I met a writer who rode the train in from eastern Michigan (Hi, Mica!). She was enthusiastic from the start, introducing herself, passing out business cards, asking questions. She even organized a lunch group by holding up a sign for Sci Fi / Fantasy writers. (I joined in, though I write neither. Proof though, that genre writers will find each other!). Conferences are absolutely what you make of them. Put yourself out there, and you'll find someone to connect with.

Lunch: Maxwell Street style sausage at Al's
I did manage to find YA content! A YA author panel for one, and a session taught by author Lindsay Currie, a former Pitch Wars mentor, who shared tangible strategies for author promotion. I am definitely tapping her to come to Windy City RWA next year to teach that same workshop. Another valuable session was with Laurie Scheer who runs The Writer's Institute conference in Madison. Look her up and learn!

The variety of writers I encountered were so interesting. I met beginning authors, writers who had experience with screenplays (two who had produced and acted in stage plays), and freelance editors, one of whom used to work for the NY Times book review (wow) and another who is a professor writing her first fiction series. These were all women, by the way, and I was blown away by their experience and expertise. 

A few noticeable differences than other conferences I've attended: no meals provided, and no free books. Maybe I'm spoiled by RWA functions. Though Midwest Writers Workshop provided several meals and a bag full of resources and materials, too. Chicago Writers provided a attendees a bag--an empty one. My guess is that this conference will grow each year, and likely gain sponsors to provide materials conference attenders have grown to expect.

Definitely a good experience, and I'd recommend going especially for reasons listed. 

What writing conferences have you attended?

Thursday, October 1, 2015

Fall Happenings!

Happy October! The leaves are changing and it's boot and cardigan weather. What, you don't label seasons by fashion options? I'm a fall girl forever. My favorite season by far. 

Time to check in on my personal reading challenge.

The point of this challenge was to read books from my own shelves. Let's just say a slew of new releases, a member discount sale at my indie bookstore, and some tempting ebook additions at my library equated to me reading almost exclusively NOT from my own shelves. Oh, I read books, just none of them were books I already owned.  

It's a nice problem to have--too many books. 

My updates so far:

image: Goodreads

1.) A book you really want to read:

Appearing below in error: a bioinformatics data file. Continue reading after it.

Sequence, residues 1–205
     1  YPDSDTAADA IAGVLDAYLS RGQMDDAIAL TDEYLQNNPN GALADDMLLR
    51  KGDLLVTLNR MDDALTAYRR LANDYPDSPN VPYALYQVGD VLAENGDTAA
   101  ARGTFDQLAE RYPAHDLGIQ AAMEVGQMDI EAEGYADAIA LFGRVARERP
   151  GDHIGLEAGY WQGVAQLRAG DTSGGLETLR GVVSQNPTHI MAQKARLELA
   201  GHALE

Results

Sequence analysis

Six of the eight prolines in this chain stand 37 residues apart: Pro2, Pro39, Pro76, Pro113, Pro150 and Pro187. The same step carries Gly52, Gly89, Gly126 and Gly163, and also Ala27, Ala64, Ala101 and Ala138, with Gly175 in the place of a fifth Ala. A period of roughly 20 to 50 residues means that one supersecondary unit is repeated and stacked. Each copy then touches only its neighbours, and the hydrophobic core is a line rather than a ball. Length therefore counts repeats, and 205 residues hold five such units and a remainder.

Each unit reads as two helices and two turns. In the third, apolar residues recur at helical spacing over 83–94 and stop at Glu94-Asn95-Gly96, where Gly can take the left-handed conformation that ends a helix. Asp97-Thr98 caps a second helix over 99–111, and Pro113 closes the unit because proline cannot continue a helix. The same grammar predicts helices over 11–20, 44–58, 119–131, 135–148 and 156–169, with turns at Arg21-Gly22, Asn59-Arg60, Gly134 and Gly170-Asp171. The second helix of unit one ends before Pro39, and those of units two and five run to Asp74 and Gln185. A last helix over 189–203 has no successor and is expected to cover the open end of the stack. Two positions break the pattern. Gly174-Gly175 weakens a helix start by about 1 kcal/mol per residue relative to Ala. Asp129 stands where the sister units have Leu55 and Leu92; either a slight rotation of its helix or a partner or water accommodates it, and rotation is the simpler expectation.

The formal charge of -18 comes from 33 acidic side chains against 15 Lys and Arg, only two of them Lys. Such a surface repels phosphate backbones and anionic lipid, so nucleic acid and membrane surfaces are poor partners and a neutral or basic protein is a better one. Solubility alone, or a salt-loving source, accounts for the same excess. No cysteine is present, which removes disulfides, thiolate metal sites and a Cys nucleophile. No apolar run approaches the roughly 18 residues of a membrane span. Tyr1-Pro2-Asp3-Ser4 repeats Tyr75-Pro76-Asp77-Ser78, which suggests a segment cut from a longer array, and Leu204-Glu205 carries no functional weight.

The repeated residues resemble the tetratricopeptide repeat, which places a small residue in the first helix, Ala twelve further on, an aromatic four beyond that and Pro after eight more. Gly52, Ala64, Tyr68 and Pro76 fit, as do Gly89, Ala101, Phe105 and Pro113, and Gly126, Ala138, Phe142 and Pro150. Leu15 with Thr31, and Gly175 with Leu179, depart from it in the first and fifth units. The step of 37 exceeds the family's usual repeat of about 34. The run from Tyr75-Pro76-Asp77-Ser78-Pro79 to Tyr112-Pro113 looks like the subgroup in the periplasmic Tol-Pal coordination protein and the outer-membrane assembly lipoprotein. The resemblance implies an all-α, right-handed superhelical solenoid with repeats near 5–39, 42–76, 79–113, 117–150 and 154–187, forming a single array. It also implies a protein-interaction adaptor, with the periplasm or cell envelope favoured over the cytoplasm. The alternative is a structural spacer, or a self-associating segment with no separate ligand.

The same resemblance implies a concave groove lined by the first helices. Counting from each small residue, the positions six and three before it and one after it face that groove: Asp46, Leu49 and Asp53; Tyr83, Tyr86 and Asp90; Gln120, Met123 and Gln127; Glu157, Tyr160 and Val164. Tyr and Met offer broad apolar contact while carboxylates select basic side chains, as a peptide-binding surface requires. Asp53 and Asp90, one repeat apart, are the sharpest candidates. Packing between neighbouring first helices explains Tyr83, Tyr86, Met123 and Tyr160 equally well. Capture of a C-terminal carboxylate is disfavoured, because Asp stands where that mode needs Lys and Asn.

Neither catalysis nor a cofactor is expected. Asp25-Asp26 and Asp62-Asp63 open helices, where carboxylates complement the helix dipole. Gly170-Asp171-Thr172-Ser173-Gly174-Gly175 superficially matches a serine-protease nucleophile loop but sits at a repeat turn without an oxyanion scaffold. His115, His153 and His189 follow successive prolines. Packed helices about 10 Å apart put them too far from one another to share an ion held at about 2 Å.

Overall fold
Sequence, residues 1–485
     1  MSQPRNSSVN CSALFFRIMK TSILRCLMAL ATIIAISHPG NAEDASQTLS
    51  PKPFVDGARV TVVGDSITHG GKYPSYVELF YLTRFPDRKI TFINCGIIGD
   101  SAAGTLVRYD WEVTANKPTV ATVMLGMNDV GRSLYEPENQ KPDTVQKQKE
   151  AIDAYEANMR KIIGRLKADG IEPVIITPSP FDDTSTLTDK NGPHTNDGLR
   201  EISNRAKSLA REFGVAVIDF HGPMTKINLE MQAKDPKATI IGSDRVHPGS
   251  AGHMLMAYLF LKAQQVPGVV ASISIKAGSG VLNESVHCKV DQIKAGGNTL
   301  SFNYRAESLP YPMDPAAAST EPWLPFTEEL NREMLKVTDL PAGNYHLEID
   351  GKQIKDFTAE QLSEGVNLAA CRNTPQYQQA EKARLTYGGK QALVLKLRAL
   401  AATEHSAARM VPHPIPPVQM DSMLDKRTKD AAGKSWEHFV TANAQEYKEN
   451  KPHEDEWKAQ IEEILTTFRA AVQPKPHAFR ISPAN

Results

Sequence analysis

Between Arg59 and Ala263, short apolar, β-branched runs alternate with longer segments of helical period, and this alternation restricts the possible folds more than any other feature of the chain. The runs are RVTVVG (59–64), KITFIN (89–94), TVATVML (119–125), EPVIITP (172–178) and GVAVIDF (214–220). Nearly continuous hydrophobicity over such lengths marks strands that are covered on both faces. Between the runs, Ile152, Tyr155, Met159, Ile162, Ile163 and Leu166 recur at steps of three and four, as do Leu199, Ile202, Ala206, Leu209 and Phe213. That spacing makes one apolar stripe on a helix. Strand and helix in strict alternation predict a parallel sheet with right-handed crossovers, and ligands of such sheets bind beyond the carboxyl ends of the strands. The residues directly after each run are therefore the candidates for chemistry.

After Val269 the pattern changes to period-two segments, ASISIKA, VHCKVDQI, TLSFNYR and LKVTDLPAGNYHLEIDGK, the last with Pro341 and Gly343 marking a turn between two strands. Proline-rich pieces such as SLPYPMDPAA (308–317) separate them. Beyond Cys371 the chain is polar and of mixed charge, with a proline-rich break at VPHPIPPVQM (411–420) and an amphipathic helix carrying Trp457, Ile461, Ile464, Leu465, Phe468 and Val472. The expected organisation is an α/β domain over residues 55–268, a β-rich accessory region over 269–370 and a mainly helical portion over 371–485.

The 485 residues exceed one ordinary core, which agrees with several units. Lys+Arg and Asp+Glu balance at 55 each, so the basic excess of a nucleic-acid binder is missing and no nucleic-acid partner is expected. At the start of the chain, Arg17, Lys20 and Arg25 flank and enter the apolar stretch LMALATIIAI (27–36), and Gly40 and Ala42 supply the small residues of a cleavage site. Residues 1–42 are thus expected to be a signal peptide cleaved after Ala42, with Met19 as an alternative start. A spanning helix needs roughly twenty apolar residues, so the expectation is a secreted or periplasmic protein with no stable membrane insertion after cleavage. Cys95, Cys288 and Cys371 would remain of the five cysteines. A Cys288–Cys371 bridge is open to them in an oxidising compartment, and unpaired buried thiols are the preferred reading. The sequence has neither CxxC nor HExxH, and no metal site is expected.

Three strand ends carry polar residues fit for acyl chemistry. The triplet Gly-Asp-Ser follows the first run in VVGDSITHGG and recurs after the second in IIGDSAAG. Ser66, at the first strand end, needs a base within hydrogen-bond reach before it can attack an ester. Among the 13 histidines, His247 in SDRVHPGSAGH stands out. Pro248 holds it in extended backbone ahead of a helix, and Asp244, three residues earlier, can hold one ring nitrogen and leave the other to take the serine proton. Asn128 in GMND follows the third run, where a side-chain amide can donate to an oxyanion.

THE WALLS AROUND US by Nova Ren Suma. I loved this author's YA Magical Realism book IMAGINARY GIRLS. I saw this option at in my library's ebooks and had to download. From the first page, this book was haunting and captivating. Girls in a juvenile detention center run free (or so they think) after all the cell doors mysteriously release. The story kept me guessing at the connection between the two main character narratives--one girl imprisoned, another girl on the outside. This is the perfect fall YA book. Highly recommended if you liked WE WERE LIARS.

image: Goodreads
2.) Something small
THE CATCHING KIND by Bria Quinlan. This was about 200 pages. I love her type of contemporary romance set in the city around a busy coffee shop. This one involved a YA writer in need of a publicity boost, a star athlete with an out-of-control social life, and two enterprising agents who fix them up. Cue shenanigans.

image: Goodreads
3.) Read an ebook
JOYRIDE by Anna Banks, YA contemporary. Another library ebook download. I really liked this story about a teen girl living with her brother and working herself to the bone to earn enough money to bring her deported parents back from Mexico. The story gets a bit soapy & sensational at points, but I liked seeing many sides of what people experience with immigration. 

Image: Goodreads
4.) An author you've been meaning to try

IT'S YOU by Jane Porter, contemporary women's fiction. I saw this lovely cover awhile back and added it on my To Read list. I thought I might meet her at RWA but didn't. I ended up winning this book from a blogger after commenting on the review. I liked some of the unconventional storytelling, but overall this read a bit like a catch-all of every women's fiction concept. The main character was a successful dentist which I thought was pretty cool. How many dentists do you read about?


#BloomsburySpark chat Myself and other Bloomsbury Spark authors are hosting another twitter chat next week October 8, 8pm EST. Drop in and chat books with us!

Fall Writing Bootcamp with YA Buccaneers 
This is just for OCTOBER this time and focusing on preparing for National Novel Writing Month, or finishing up a project. Also, anyone joining can option in for a private Facebook group for more interaction. Join here on YABuccaneers

My Romance Writers YA chapter just hosted a chat with author Clara Kensie (see Storify link here).
Our next chat is October 20, 9pm EST. Topic TBD. This is a moderated, topic-focused chat. Join us!

Writers: October contest and pitch opportunities courtesy of Sub it Club 

AND My own RWA chapter's Four Seasons Contest with really good final round editor and agent judges for each category plus overall top finalists receive a bonus critique from 1 or 3 excellent authors in our group. Ten days left to enter, deadline 10/10/15

Thanks for catching up. What are you reading? What is your favorite thing about the fall season? Chat with me in the comments!